Beta-blockers could potentially be used to treat COVID-19, according to a new international study by Italian and Australian scientists.
University of South Australia cancer researcher, Dr. Nirmal Robinson, working with a team in Naples, has found evidence in animal models that the beta-blocker Propranolol helps suppress the spread of cancer in the lung which has an inflammatory profile very similar to COVID-19.
The scientists have presented their findings in a paper published in Frontiers in Immunology, calling for clinical trials to support their research.
Dr. Robinson, head of the Cellular-Stress and Immune Response Laboratory at the Center for Cancer Biology, says Propranolol is commonly used to treat heart conditions, anxiety and migraine. Recent clinical trials have shown its effectiveness for other conditions, including cancer.
“Patients with COVID-19 suffer from many abnormalities, including inflammation, because the SARS-CoV-2 virus disrupts the body’s immune system. Beta-2 blockers could potentially reduce this inflammation and help rebalance the immune system,” Dr. Robinson says.
Beta-blockers including Propranolol are medicines that work by temporarily stopping or reducing the body’s natural “fight-or-flight” response. In return, they reduce stress on certain parts of the body, such as the heart and blood vessels in the brain.
They have also been suggested as a treatment option for autoimmune diseases such as rheumatoid arthritis.
“SARS-Cov-2 enters the human cells through the protein ACE2, infecting the lower respiratory tract, causing profound inflammation and multi-organ failure. Patients with comorbidities, such as high blood pressure, diabetes and heart disease, are at much higher risk,” he says.
Other inflammation suppressors, including Tocilizumab (an immunosuppressive drug prescribed for arthritis) and Ruxolitinib (a drug used to treat the rare bone marrow blood cancer, myelofibrosis) have already been used to treat the more serious COVID-19 cases, the researchers say.
“We believe the beta-2-adrenergic pathway should be more deeply investigated as a possible target to reduce the inflammatory symptoms related to COVID-19. The next step is to perform clinical trials to explore an alternative therapy to treat COVID-19, based on the lessons we have learned from cancer,” Dr. Robinson says.
At present, there is no effective drug against the present coronavirus disease 2019 (COVID-19) pandemic. It is known that severe acute respiratory syndrome coronavirus 2 (SARS-CoV-2) spike protein binds to human angiotensin-converting enzyme 2 (ACE2), which acts as a receptor, and binding to ACE2 is crucial for the cellular entry of SARS-COV-2 . Any drug that interrupts the binding of spike protein with the ACE2 receptor will be useful in the treatment of COVID-19.
Renin-Angiotensin-Aldosterone System (RAAS) plays a crucial role in the regulation of blood pressure, sodium level, extracellular fluid volume, etc. Along with the classic pathway which produces effects like vasoconstriction and inflammation, one more pathway with opposing actions to classic pathway exist which produces effects like vasorelaxation and it is anti-inflammatory. Unlike the classic RAAS pathway which uses ACE, the vasorelaxation arm uses ACE2 .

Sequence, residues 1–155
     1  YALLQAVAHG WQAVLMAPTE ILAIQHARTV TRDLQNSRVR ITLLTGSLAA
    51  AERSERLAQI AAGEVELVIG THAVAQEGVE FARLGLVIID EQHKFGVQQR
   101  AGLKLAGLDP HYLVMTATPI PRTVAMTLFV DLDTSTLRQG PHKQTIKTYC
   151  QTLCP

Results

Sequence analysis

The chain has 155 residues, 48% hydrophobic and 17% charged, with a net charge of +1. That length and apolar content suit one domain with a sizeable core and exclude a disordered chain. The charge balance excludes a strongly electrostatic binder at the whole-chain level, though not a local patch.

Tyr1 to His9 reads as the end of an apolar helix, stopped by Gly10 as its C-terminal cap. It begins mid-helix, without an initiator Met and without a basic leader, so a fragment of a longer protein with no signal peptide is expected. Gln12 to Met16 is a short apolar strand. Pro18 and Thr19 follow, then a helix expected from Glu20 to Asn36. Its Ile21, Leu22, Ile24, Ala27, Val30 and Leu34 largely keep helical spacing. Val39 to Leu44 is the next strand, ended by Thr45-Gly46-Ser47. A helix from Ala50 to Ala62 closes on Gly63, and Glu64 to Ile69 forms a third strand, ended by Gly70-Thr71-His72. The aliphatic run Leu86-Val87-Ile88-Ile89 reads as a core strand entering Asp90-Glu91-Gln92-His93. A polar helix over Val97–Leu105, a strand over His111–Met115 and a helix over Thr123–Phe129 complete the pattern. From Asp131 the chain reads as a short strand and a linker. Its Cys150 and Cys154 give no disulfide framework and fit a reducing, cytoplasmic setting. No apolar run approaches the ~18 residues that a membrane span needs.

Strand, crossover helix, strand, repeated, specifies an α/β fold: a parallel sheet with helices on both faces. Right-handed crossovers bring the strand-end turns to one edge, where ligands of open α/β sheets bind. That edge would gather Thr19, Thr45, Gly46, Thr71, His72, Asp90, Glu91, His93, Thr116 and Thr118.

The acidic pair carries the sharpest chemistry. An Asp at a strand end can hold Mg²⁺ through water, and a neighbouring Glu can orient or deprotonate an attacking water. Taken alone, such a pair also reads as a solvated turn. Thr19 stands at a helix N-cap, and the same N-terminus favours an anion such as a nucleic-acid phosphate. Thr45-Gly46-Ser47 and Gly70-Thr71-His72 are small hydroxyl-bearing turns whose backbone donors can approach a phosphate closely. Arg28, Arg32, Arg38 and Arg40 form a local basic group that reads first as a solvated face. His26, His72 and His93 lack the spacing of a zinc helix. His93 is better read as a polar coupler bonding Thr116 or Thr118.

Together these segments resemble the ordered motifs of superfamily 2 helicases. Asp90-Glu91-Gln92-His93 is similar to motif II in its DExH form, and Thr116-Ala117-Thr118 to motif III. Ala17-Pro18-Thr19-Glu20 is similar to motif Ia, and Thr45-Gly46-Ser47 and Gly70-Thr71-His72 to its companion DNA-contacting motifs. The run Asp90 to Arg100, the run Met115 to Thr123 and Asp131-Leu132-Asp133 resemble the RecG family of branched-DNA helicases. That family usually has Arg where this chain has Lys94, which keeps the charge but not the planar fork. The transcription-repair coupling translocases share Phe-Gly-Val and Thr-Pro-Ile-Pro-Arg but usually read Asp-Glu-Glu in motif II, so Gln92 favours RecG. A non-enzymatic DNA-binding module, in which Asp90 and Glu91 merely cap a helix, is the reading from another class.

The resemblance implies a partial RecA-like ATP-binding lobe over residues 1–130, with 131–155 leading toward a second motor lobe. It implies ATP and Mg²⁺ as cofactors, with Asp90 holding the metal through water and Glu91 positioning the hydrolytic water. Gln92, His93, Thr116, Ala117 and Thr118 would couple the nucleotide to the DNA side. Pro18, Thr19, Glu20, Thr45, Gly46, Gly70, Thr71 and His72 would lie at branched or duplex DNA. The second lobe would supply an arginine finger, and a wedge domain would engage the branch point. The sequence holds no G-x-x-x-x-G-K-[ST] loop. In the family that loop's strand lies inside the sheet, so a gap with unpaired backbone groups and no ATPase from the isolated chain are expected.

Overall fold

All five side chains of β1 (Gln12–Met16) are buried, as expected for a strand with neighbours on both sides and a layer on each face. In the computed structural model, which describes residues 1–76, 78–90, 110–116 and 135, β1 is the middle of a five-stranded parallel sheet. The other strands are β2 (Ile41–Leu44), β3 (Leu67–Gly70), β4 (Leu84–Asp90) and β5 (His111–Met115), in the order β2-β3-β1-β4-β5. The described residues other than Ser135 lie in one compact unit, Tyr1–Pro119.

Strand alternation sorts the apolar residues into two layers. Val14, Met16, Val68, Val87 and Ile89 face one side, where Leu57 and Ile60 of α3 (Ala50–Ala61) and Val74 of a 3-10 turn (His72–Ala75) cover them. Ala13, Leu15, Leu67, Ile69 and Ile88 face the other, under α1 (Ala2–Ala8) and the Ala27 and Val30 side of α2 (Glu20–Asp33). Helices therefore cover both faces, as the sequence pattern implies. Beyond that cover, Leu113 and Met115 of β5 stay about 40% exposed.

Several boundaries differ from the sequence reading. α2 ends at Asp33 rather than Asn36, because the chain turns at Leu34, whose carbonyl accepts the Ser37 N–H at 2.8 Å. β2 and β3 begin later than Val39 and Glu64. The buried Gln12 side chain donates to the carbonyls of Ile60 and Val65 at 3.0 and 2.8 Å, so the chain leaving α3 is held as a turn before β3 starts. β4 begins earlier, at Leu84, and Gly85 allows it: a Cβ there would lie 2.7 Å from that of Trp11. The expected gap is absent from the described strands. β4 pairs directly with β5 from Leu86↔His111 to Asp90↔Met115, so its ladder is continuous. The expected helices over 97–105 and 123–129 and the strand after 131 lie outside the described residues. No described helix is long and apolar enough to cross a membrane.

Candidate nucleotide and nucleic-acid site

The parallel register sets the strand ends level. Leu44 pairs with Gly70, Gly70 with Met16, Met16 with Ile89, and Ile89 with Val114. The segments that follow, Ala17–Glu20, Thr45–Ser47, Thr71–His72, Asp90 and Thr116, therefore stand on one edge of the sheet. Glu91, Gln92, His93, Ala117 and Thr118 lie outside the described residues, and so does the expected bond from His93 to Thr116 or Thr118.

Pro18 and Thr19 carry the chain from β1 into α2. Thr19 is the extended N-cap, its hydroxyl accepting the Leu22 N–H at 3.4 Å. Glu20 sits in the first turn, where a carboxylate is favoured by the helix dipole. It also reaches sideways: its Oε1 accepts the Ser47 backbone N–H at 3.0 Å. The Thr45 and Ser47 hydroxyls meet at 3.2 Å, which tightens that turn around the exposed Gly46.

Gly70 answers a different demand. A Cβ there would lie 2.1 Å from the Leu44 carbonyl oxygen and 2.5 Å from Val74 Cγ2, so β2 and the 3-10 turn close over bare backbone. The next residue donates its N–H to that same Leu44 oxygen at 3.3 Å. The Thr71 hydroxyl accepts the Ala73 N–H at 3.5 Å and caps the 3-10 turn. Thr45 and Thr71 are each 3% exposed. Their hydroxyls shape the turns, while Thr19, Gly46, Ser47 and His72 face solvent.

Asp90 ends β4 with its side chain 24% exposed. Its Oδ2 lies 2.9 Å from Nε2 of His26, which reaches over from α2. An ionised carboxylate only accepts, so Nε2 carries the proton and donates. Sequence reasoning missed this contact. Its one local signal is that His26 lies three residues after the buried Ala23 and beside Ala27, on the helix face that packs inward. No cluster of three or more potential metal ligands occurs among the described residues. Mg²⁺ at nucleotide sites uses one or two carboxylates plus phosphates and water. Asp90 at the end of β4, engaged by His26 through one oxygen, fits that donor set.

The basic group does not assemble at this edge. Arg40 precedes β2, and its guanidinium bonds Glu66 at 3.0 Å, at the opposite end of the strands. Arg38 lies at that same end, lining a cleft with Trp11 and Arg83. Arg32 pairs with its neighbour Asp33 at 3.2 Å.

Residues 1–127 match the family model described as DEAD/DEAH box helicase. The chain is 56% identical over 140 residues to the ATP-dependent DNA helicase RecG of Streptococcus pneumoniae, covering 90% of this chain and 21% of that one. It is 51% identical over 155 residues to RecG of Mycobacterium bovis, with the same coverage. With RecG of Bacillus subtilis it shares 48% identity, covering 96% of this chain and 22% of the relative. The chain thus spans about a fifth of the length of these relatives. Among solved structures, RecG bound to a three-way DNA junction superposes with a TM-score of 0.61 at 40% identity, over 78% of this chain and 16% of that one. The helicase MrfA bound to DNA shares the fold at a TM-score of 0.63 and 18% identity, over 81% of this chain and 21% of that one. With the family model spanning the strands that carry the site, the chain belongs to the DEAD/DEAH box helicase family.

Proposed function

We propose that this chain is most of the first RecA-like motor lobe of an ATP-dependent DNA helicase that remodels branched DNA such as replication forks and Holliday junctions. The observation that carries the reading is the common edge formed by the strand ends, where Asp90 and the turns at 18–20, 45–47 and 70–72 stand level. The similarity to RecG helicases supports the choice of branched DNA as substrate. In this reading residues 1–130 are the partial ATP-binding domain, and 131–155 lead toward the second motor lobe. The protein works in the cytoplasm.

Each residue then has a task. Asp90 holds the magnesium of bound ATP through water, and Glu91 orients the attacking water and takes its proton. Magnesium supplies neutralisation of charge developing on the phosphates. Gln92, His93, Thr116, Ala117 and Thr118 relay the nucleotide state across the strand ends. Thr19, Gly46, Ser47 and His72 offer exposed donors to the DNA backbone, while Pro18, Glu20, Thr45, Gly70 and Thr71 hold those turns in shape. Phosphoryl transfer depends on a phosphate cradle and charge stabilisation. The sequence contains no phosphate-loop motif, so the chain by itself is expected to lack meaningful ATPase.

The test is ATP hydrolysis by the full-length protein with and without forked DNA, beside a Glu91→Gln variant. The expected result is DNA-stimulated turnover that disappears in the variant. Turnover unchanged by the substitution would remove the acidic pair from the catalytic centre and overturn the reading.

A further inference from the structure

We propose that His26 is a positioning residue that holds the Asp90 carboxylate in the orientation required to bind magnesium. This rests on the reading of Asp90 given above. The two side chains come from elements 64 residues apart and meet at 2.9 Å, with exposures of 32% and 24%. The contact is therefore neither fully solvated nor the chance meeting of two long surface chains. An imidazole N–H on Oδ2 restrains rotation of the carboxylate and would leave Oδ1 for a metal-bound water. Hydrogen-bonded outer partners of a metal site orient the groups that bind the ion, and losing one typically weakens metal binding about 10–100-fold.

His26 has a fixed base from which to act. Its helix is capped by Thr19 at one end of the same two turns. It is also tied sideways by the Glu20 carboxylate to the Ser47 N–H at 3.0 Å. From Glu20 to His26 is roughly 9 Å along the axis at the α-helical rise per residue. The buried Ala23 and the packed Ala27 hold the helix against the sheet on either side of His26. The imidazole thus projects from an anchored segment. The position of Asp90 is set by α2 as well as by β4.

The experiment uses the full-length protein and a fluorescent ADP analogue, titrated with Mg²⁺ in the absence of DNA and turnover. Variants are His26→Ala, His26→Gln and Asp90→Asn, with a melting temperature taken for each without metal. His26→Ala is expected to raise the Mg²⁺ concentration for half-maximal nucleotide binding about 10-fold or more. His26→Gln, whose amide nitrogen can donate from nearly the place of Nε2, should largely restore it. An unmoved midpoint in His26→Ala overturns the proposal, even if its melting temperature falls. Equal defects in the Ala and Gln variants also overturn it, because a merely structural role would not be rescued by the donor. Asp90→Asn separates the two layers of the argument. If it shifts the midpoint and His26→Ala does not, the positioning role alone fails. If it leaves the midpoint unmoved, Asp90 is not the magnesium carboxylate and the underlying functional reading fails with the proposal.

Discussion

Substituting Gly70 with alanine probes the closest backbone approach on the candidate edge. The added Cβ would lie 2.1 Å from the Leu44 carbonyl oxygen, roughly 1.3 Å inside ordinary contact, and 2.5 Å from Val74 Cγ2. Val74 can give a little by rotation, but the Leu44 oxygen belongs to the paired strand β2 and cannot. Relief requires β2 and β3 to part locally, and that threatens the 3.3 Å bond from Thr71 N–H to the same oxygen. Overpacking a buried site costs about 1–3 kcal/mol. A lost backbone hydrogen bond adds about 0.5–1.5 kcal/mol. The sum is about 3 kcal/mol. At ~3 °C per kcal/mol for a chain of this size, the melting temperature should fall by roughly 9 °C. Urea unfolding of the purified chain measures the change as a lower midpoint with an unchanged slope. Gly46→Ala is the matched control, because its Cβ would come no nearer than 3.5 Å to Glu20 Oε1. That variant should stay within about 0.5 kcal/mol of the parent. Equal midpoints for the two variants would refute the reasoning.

It is known that COVID-19 patients exhibit pneumonia, and severe cases had complications like acute respiratory distress syndrome (ARDS), respiratory failure and septic shock which carries a high mortality rate . Recent studies showed that beta-adrenergic blockers reduced the mortality in septic shock patients . Beta-adrenergic blockers also showed beneficial effects in ARDS and respiratory failure patients , . Beta-adrenergic blockers by its inhibitory action on the sympathetic system negatively regulate renin release by Juxtaglomerular (JG) cells in the kidney. A decrease in renin may reduce the activity in both arms of RAAS and may decrease ACE2, which may decrease the SARS-CoV-2 virus entry into the host cell.
Considering the potential role of beta-adrenergic blockers in decreasing the SARS-CoV-2 entry into the cells by downregulating ACE2 receptors, and its role in reducing the mortality in respiratory failure, ARDS and septic shock conditions, it may be a good candidate drug for treating COVID-19 patients (Fig. 1 ). I propose that beta-adrenergic blockers may be beneficial in COVID-19 patients with hypertension comorbidity, by regulation of blood pressure and decreasing SARS-CoV-2 cellular entry. In low doses, beta-adrenergic blockers may be beneficial in COVID-19 patients with normal blood pressure, as it may decrease the SARS-CoV-2 entry into the cell. I suggest doing a retrospective study on the COVID-19 patients, who were already on beta-adrenergic blockers for their previous cardiovascular illness and its effect on mortality. The proposed retrospective study will test the validity of the hypothesis and clarify the role of beta-adrenergic blockers in COVID-19 patients.
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More information: Antonio Barbieri et al. Can Beta-2-Adrenergic Pathway Be a New Target to Combat SARS-CoV-2 Hyperinflammatory Syndrome?—Lessons Learned From Cancer, Frontiers in Immunology (2020). DOI: 10.3389/fimmu.2020.588724